Found a great take on global warming the other day that i wanted to share. Ed Brayton at Dispatches from the Culture Wars sums up my position on global warming almost precisely. So much so that I don’t even have to write a post. Just excerpt his and send you on over!

Let me first say this: the consensus among qualified scientists certainly is that global warming is real and it is substantially man-made. Yes, there are some dissenting scientists who argue that global warming is a natural, perhaps cylical process, that has little to do with human activities. Because I haven’t really done the study necessary to really be able to evaluate such arguments, I don’t make strong claims either way. I have no strong reason to doubt the consensus opinion, but by the same token I have no strong reason to dismiss the dissenters out of hand either.

Easy enough. The consensus certainly is what it is. The skeptics by and large to me appear to have corporate interests and money in their pockets (those that I’ve checked up). The right sure touts them very heavily – as if to almost say that their sheer volume of posts of such scientists could somehow outweigh the consensus. No matter. Here is the important part:

But here’s the key for me: I don’t think it matters. I know that probably seems like an odd statement given some of the doomsday scenarios some have offered – a vast increase in destructive weather patterns, global water shortages, rising sea levels destroying coastal cities, etc. But it seems to me that whether those worst case scenarios happen or not, and whether they are caused by human activity or are natural processes out of our control or not, have little effect on wise public policy choices.

Exactly right. I made the point to fellow blogger Tom Blumer at one point (not sure whether it was via email or commenting) that who cares what the science says really. Let’s assume for a minute it did actually cast doubt on human induced global warming. Do we then just fire up the Hummers and ride off into the sunset at ten miles per? Of course not. Tom is a money management guy. I likened the situation to sound financial planning. You wouldn’t say to yourself “you know honey, the jury is out on whether or not we’ll hit the lottery or not”…”some say we never will, some say we might”…”let’s run up some debt and spend like crazy”. Of course you wouldn’t. The way to proceed would be to manage your finances wisely no matter what you might see ahead. If things go good, so much the better. If they go bad, you’ll be ready.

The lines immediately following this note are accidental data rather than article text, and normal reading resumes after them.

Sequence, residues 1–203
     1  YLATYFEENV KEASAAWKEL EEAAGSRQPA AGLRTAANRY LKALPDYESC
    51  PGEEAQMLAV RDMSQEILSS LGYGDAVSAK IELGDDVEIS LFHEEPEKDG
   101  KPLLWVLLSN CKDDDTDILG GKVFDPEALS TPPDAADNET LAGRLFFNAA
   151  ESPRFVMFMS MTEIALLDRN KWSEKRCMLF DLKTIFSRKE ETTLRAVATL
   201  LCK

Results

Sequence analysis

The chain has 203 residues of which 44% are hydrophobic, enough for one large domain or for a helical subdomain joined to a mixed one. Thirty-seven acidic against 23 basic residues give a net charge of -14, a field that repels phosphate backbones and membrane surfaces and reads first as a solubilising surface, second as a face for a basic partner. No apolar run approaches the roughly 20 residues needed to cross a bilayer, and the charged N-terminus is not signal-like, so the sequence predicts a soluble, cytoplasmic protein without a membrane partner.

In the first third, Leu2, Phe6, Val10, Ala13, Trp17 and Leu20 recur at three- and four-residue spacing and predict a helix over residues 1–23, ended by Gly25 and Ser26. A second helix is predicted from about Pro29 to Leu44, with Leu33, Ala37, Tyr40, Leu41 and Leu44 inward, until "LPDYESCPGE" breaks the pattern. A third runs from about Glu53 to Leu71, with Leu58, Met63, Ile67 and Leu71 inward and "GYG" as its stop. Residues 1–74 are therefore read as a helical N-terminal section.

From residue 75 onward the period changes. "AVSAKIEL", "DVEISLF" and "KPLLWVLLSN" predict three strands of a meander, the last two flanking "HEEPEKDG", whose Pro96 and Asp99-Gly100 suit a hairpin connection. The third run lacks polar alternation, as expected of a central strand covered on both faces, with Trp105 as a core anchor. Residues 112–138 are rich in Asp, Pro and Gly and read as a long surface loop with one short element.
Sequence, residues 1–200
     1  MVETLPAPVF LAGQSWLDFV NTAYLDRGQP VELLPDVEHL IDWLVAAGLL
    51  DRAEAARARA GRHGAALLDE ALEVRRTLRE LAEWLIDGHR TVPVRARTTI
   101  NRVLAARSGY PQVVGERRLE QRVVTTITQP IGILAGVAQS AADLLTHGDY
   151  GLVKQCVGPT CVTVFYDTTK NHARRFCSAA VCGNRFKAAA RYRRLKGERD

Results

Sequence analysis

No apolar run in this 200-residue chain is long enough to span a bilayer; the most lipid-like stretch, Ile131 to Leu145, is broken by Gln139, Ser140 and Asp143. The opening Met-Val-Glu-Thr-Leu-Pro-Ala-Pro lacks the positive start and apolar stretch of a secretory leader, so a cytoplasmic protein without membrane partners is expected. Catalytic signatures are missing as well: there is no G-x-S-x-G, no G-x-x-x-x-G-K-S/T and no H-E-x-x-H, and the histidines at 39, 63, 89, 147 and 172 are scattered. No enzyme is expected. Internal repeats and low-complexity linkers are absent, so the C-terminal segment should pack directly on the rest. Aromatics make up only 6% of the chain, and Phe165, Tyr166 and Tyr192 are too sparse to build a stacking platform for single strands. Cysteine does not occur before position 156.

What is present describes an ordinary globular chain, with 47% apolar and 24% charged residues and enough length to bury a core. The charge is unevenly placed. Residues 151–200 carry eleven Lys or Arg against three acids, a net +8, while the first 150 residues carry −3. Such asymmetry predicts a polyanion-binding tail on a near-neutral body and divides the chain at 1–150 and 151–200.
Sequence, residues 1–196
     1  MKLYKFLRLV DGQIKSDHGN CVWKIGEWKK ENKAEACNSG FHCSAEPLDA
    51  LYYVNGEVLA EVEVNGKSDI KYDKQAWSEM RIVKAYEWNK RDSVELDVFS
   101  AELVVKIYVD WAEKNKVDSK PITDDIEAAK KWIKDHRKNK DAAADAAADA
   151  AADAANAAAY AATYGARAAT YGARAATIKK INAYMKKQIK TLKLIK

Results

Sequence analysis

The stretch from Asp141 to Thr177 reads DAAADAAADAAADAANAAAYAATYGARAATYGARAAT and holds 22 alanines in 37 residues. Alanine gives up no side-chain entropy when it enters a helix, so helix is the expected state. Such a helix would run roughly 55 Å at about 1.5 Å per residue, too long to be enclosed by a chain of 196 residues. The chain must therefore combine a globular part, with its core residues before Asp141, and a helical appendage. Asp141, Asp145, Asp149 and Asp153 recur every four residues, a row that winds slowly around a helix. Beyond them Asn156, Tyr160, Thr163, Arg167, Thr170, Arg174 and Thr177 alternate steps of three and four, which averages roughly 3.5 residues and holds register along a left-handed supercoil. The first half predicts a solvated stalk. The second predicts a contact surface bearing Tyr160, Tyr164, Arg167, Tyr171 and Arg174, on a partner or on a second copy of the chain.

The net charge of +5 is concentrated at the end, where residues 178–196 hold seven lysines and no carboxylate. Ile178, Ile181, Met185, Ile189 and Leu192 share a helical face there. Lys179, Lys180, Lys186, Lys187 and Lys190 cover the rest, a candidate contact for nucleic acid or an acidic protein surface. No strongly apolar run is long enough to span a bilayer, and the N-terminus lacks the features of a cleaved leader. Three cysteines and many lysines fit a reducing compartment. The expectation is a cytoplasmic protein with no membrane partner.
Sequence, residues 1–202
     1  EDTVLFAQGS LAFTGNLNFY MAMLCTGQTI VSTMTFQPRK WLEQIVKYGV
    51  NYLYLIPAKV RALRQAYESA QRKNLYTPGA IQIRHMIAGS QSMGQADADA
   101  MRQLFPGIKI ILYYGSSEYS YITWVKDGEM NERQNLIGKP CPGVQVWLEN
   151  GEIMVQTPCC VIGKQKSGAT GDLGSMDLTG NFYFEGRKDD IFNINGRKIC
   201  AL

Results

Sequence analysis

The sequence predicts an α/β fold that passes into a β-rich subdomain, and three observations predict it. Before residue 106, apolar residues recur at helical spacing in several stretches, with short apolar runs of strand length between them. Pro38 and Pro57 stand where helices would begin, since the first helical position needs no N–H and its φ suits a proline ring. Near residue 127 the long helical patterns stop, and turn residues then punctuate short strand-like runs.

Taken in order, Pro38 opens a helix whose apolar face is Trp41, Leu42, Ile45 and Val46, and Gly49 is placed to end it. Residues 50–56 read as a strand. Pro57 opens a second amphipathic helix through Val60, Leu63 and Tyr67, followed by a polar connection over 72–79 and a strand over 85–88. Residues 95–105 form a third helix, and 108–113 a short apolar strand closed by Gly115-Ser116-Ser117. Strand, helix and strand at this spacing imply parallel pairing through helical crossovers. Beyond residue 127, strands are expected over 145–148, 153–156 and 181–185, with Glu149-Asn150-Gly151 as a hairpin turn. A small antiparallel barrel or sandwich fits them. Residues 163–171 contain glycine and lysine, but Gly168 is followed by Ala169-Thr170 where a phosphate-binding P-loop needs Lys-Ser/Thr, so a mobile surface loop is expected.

[Aside: damn, I wish I could follow that advice!]

Now, same for the planet and how we use it and it’s resources. Who cares if sea levels don’t rise two feet, or the polar bear ends up liking jacuzzis! We should be conserving and finding the best ways to use resources – and we are not. Period. If you do add to that the consensus view of what we are creating for our future, well…then the to do list becomes ever so much clearer. Unless, of course, you are currently reaping unheard of profits from the short term status quo. Then pillage and plunder would be the name of the game. Hence the present status of our commitment to renewables and sustainable practices. That there might be some doubt should not persuade us one bit away from developing a sustainable future – and we must lead the way.

Ed clearly gets it:

Developing solar or wind power generating technologies means less pollution, less reliance on fossil fuels, new technological spinoffs that can create new industries and jobs, more economic security due to lower inflation and much more. Even if global warming is the biggest myth anyone has ever dreamed up, the solutions being proposed are no-brainers. We should be doing those things for a thousand other reasons anyway. [empahsis mine]

I’ll add that the “job killer” and “economy killing” doomsday scenario claims are overblown. It’s ironic, given those who make such claims continually demean those who talk about the catastrophe of global warming itself. They should know best the economy is flexible. There is always pain in shifts, but rarely have we gone up in flames because we converted from an agrarian society to a manufacturing one, or a manufacturing one to an information one. Next step is a sustainable, information-based, hyper-economy. Imagine great things and take steps to make them happen. Don’t be the guy asking why in the world every household would ever want a computer…

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  • Mark Jablonski

    Dude, this is exactly what I’ve been saying for a while too. Great post.

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